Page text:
Everyone Communicates, Few Connect: Connecting Beyond Words (3)

In this third chapter of his book “Everyone Communicates, Few Connect”, John Maxwell discusses the various components that go into connecting with others.

In the first part of his chapter, which I covered in the last past, he stated that words, whether written or spoken, only represent a part of what is communicated, and a small part at that.   It turns out that the visual and non-verbal (gestural) components not only represent the other parts of what is communicated, but they represent the MAJOR parts of communication.   These three parts of non-verbal communication connect with people through thought, emotion, and a call to action.

In the second section, John Maxwell presents his Connection Checklist, which I relate to the three categories of thought, emotion and action-related communication styles presented in the previous section.    There is a fourth category of communication style which John Maxwell does not mention, and that is the process-related style.

INTEGRITY–Did I do my best?

EXPECTATION–Did I please my sponsor or my audience?

RELEVANCE–Did I understand and relate to the audience?

VALUE–Did I add value to the people?

APPLICATION–Did I give people a game plan?

CHANGE–Did I make a difference?

In the following third section of the chapter, John Maxwell gives tips on how to increase your ability to connect with people

1.  Eliminate Personal Distractions

For starters, be well groomed and wear the right clothing for the occasion.    Make sure you eliminate behaviors that may be distracting to the audience.   Since you may be unaware that you are doing these things, the best way to uncover these “visual tics” is to record yourself on video.

2.  Expand Your Range of Expression

Facial expressions should become more exaggerated when you are trying to emphasize points, particularly if the audience you are speaking to is larger.   And remember to small.

3.  Move with a Sense of Purpose

Move quickly and confidently onto the stage, because that conveys the impression that you are energetic and are looking forward to talking with the audience.   Move around the stage, but don’t do it randomly–move when you have a change in topic so that the movement adds to the meaning of what you are saying, and doesn’t detract from it.

4.  Maintain an Open Posture

Step out from behind the lectern, and get out towards where the people are.    Decreasing the physical distance between you and the audience will help decrease the emotional distance.

5.  Pay Attention to Your Surroundings

Make sure you check out your speaking area (the space between you and the audience), the lighting, and the sound system before you get on stage.   You need to eliminate any surprises BEFORE you get up on stage, so that you are comfortable as if you were speaking to the audience from your own living room.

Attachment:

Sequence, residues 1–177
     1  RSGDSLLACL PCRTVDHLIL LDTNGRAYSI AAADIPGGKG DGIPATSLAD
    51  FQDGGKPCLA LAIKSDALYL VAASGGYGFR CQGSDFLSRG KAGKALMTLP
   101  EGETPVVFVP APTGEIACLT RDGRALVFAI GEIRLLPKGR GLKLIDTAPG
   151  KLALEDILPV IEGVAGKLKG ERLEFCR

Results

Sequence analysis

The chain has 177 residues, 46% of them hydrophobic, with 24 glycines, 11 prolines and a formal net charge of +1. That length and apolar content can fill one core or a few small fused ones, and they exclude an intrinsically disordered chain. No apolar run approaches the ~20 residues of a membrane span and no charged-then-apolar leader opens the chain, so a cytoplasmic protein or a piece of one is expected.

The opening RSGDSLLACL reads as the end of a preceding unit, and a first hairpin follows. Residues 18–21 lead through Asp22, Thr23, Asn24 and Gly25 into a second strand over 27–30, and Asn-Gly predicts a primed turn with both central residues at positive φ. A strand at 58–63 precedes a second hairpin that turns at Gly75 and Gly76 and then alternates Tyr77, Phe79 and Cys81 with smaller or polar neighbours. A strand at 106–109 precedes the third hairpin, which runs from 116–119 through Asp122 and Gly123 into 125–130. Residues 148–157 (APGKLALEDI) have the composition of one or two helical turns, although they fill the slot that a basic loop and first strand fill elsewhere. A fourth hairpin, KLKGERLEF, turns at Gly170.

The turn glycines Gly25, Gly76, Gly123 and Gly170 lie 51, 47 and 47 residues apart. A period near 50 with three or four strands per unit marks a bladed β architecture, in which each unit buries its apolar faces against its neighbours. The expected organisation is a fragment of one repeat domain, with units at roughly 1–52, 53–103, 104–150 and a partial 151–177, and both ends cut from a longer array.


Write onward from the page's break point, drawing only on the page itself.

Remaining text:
Let me reiterate the point that John Maxwell made about recording yourself on video.   If you don’t have that luxury, then have people evaluate your speech and ask them if there are any gestures you make that you may be unaware of that they think could be distracting.

For example, when I started speaking at Toastmasters, I would move my hands around in a style that was energetic, but almost to the point of being frenetic.    I didn’t even know I was doing it!    I thought to myself, I need to control this.   I reasoned that what was happening was that I was nervous, but rather than channeling that nervousness through my voice, that nervous energy was being channeled into the motion of my hands.    The problem was that this energy was not very well controlled because I was not even consciously aware of it.

So I made it a point to keep my hands ABSOLUTELY STILL during the next few speeches.   Now people said, “your content is fine, but you’re a little stiff. ”   At first, I was frankly a little taken aback.   “Make up your mind, first you said I was moving my hands too much, and now you say I’m moving them too little!”    But again, upon reflection, I realized that I was now aware of the hand movement, so that much is good.    It’s better than NOT being aware of it.  And I was making a conscious effort to control it.   Again, that represented some progress.  However, I was controlling the hand gestures to the point where again it seemed unnatural to the audience, but from the other direction.

Here’s how I struck a balance.   You know how in plays there are stage directions in parentheses like this:  (he walks towards the left side of the stage).    When I wrote my speeches, I first wrote them out word for word.   Then I would go back and visualize myself doing the speech or sometimes I would actually perform it.   If there was a point that needed a gesture that emphasized the meaning of a particular word, phrase, or a transition in the story, I would write it down as a stage direction in the script.    Then I would perform it over and over again the same way until it looked like it was happening naturally.

Then I would make sure that the gestures I made were confined to those that I had scripted.   And the audience, in other words, those fellow Toastmasters clubs members, now said my hand gestures looked natural.   They in reality weren’t natural, they were scripted, but they looked natural, and that’s all that mattered.

The next post will deal with connecting intellectually.                    



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